Bloomberg Anywhere Remote Login Bloomberg Terminal Demo Request


Connecting decision makers to a dynamic network of information, people and ideas, Bloomberg quickly and accurately delivers business and financial information, news and insight around the world.


Financial Products

Enterprise Products


Customer Support

  • Americas

    +1 212 318 2000

  • Europe, Middle East, & Africa

    +44 20 7330 7500

  • Asia Pacific

    +65 6212 1000


Industry Products

Media Services

Follow Us

Cyprus Holds Constructive Talks With Bailout Troika, Sarris Says

The Cypriot government held constructive talks with international creditors today and is working to reach a bailout agreement as soon as possible, Finance Minister Michael Sarris said.

“We are seeking ways to cut spending and raise revenue to ensure the sustainability of our debt,” Sarris told reporters in Nicosia after attending a meeting with President Nicos Anastasiades and officials from the European Commission, European Central Bank and International Monetary Fund, the so-called troika that oversees euro-area bailouts.

Cyprus’s new government, voted in on Feb. 24, has revived talks on a bailout that could equal the size of its 18 billion-euro ($23.6 billion) economy. Cyprus became the fifth euro-area country to seek financial assistance after its banks suffered losses of 4.5 billion euros in Greece’s sovereign debt restructuring.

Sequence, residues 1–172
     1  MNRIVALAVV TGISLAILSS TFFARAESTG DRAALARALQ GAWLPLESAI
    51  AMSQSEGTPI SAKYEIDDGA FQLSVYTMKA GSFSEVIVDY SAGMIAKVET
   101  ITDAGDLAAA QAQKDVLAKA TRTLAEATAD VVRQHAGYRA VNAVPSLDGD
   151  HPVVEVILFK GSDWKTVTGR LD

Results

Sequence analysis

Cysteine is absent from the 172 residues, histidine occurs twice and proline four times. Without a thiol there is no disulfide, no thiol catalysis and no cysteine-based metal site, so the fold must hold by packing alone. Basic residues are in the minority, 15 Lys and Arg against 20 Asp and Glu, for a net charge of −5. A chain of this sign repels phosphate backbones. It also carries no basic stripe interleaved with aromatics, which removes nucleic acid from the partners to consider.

Topics broached today included options that have come up in public discussions on how to ensure Cyprus’s debt sustainability, including state asset sales and the possibility of raising the corporate tax rate to 12.5 percent from 10 percent, a Cypriot official said on condition of anonymity because the talks are in progress. Asset sales would be carried out in the next couple of years, the official said.

Sarris renewed Cyprus’s opposition to imposing losses on depositors in the country’s banks.

‘Huge Dangers’

“I personally believe and most of them know that such a move -- even discussing a haircut, something that hasn’t happened anywhere -- carries huge dangers,” he said. “Here in Cyprus we have paid a high price already just because there’s talk about this issue.”

The euro area has so far refused to exclude the possibility of imposing losses on bank-account holders in Cyprus as a way to prevent its debt from becoming unsustainable following a rescue. This element isn’t part of existing aid packages for Greece, Ireland, Portugal and Spain.

Revenue from investments in the energy industry can help the economy, Sarris said. There will be no further wage or pensions cuts and selling any stake in the Cyprus Electricity Authority is off the table, he added.

Please upgrade your Browser

Your browser is out-of-date. Please download one of these excellent browsers:

Chrome, Firefox, Safari, Opera or Internet Explorer.